Can automation tools really improve your selling systems and boost your bottom line, while expanding your ability to offer a personal touch where it counts?
Alongside Vendasta’s own Dakota Zirk, host Jon Neher moderated an engaging discussion around this very question with two 2022 Local Impact Awards winners: Harold King, Business Development Officer at The King Group and Partner of the Year, and Will Palmer, Founder and CEO of Growth Lab and recipient of the Strategy Excellence Award.
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A common theme emerged around the nuances of automation. There's a significant benefit to creating repeatable processes—but there’s also a benefit to dynamic content.
So how do you know when to automate and when to keep things personalized?
What to automate
According to the U.S. Bureau of Labor Statistics (BLS), 10.9 million jobs were left unfilled at the end of July 2021 (BLS), fueled in part by millions of Americans leaving their jobs.
The exodus left many businesses trying to accomplish more with less.
Workflow automations can provide the flexibility to craft, trigger, and automate processes with little need for human oversight. Not only can businesses accomplish more with less, but they can actually scale with greater ease and fewer expenses.
Given Vendasta’s powerful automation tools, is the answer to automate everything, then? Not according to Zirk.
Here’s what you should be automating to accomplish just that.
Time is a precious resource, and investing a ton of it in the wrong leads can be a frustrating experience—for both your sales team and your prospects.
“Automation is a part of vetting our potential clients as much as they’re vetting us,” says Will Palmer of Growth Lab. “If we aren’t confident we can drive results for them, we don’t want to waste everyone’s time.”
One automation solution is to have leads qualify themselves. Prompt a lead to fill out a qualifying questionnaire if they take an action that signals buying intent, for example. Automating the front-end part of the sales process in this way can ensure your sales development team only moves forward with the right leads, understands and clarifies pain points along the way, and comes to the table completely prepared.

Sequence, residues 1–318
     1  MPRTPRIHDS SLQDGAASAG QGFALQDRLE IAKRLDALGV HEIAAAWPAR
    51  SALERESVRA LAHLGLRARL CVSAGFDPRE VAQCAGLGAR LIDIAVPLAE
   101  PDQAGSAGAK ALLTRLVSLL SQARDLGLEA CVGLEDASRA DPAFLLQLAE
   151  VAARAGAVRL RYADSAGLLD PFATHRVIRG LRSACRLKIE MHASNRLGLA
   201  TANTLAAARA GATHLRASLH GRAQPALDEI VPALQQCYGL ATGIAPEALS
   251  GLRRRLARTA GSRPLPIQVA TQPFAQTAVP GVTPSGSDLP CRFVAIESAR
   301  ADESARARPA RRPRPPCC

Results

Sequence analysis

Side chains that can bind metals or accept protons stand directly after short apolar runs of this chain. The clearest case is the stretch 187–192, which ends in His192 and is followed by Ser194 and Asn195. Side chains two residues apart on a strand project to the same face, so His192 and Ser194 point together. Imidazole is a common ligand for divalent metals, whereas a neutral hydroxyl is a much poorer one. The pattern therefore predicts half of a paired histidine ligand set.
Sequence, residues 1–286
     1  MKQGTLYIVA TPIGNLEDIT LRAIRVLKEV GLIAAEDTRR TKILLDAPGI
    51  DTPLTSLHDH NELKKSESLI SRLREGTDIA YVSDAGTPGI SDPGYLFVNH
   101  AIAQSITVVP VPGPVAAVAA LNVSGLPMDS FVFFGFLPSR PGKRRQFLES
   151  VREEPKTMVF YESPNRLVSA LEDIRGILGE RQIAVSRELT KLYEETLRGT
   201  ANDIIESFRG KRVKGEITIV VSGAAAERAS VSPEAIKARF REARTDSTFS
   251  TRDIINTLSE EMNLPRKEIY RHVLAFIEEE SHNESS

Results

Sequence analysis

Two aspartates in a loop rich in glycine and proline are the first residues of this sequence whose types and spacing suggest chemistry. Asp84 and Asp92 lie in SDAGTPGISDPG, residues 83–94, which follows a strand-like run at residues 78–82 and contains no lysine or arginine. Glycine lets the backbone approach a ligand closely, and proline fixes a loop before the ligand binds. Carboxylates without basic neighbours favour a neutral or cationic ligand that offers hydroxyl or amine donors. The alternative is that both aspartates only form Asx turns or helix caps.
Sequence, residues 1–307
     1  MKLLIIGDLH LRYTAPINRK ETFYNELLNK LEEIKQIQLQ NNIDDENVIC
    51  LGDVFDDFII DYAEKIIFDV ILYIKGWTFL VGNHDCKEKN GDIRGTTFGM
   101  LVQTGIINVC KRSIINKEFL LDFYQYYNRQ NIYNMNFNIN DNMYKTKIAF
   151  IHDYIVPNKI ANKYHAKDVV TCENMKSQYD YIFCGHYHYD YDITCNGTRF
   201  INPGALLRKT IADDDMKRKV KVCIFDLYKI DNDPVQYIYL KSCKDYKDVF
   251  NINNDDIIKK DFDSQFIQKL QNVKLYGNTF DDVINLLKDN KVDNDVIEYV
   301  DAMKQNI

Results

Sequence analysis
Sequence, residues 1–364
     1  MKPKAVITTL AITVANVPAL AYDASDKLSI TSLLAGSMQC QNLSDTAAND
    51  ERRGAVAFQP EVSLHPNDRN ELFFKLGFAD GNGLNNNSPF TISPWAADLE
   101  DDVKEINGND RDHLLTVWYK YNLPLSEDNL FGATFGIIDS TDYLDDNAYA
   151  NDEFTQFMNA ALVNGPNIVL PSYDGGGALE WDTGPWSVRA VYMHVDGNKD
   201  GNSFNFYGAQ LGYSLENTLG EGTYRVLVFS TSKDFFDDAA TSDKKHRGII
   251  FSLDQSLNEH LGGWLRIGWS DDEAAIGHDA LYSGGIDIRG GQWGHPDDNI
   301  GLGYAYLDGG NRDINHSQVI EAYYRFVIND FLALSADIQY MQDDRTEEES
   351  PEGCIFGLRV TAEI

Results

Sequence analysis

Additionally, if leads are coming in through a website, an automated needs assessment and sales intelligence tool such as Snapshot Report can be a great vetting resource.
“If somebody is not willing to spend a small sum of money on the first step to getting really valuable information and an accurate assessment of their company, we might not be a good fit,” says Harold King of The King Group.
Campaigns and admin
Another key automation that factors into the beginning of the sales process? Email campaigns. Often, interacting with a piece of valuable, dynamic content is the catalyst..
From lead to client and beyond, campaign automations continue working hard throughout the sales funnel. Campaign automations can create frictionless, repeatable processes for onboarding new clients, building proposals, fulfilling sales orders, and more.
Automation gains are really end to end: “It’s not just about removing administration work at the start, but throughout the process,” Palmer says.
Continual education for clients
It’s no secret that things change quickly in business, in marketing, and in life. How is it possible to keep up? Both King and Palmer agree that setting their clients up for success depends greatly on fostering continual education within their business ecosystem.
“When we first started as a company,” King shares, “I saw something that said around 5,000 new marketing technologies had come out in the last six months alone.” Imagine what that figure is today?
It can feel overwhelming for even the most robust marketing teams to stay out in front of all the changes that occur across channels and platforms at any given time. But that’s exactly why there’s an opportunity to distinguish your service offering and establish credibility.